Wits names three scholars as Friedel Sellschop Fellows
- Wits University
The University awarded the prestigious Friedel Sellschop fellowship award to Dr Mitchell Cox, Dr Eloise van der Merwe, and Dr Abhishek Pandey.
The fellowships are awarded annually to recognise and encourage exceptional early-stage researchers.
Untangling structured light in turbulence using all-optical neural networks
The digital divide, or the gap between those with access to high-quality internet connectivity and those without, is a major issue in developing countries.
Long range wireless optical communications technology, such as that being developed by Cox and his team, may be a viable solution for bridging the last few kilometres in an affordable manner.
The Friedel Sellschop Award recognises Cox's exceptional research and his potential to become an international leader in the field of structured light optical communications.
His project aims to use unique patterns of light to build an optical neural network with lasers and no conventional computational components that can combat the negative effects of the atmosphere on long-range wireless optical communication systems.
This technology has the potential to provide high-speed wireless communication using low-cost optical components without the need for complex and expensive digital signal processing, and could also have disruptive applications in other fields that require machine learning ‘at the speed of light’, such as in Artificial Intelligence (AI) systems like Chatgpt (which was cleverly used to write parts of this story).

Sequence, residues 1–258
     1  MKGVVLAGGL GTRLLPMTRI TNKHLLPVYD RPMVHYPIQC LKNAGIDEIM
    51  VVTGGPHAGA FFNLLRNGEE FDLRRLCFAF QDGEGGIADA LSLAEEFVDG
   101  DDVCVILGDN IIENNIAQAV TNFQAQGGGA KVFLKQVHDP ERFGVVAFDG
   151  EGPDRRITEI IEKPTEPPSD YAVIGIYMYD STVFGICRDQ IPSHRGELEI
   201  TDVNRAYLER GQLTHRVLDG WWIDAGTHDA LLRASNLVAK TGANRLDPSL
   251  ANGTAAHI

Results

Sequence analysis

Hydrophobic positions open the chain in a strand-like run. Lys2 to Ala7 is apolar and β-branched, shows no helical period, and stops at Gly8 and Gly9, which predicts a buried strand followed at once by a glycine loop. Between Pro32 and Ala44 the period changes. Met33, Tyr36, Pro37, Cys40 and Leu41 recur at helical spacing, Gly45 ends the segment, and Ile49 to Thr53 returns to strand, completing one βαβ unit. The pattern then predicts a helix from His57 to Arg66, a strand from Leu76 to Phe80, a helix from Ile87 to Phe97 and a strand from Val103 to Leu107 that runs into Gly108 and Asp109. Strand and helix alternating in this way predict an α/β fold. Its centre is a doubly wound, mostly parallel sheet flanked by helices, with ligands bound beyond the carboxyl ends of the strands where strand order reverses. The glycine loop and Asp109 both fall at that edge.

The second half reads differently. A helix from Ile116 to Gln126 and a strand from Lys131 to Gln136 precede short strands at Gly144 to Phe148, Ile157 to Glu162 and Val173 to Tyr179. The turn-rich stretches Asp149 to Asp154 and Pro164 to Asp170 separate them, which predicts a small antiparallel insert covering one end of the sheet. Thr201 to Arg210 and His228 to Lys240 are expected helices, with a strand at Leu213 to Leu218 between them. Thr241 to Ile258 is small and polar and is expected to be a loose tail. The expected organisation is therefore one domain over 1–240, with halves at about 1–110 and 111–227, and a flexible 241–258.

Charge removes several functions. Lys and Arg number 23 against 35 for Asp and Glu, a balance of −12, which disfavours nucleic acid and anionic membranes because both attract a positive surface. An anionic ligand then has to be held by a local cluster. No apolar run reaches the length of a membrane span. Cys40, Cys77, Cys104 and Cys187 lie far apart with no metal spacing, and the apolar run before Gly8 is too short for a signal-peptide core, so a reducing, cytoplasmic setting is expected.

Cox’s work has gained recognition in the international research community, with several highly cited papers published in leading journals. He is passionate about developing a love of hands-on engineering and problem-solving in the students with whom he engages. Through his work at the University and his lab, he is helping to train the next generation of engineers and researchers.
Discovering ‘material of possibilities’
New-generation materials are the gateway to future technologies. These technological advancements require novel materials that exploit complex electronic and magnetic interactions and exhibit desired application-oriented properties.
Dr Abhishek Pandey is a Senior Lecturer in the School of Physics. The overall objective of his research is to discover novel materials that open new directions in the field of materials physics that lead towards technological applications.
“We try to discover applied materials in their pristine single-crystal form as well as investigate and optimise their properties in our recently developed Novel Quantum and Applied Materials Laboratory. While a lot more still needs to be done, we are ready to put our efforts into this important technology-oriented research field, which was largely absent in South Africa,” says Pandey.
The Friedel Sellschop awardee aims to discover a ‘material of possibilities’ towards achieving a ‘property of interest’ as well as unravelling the physical phenomena that govern fundamental interactions and excitations within the material. Excitations refer to the process in which an atom or other particle adopts a higher energy state when energy is supplied.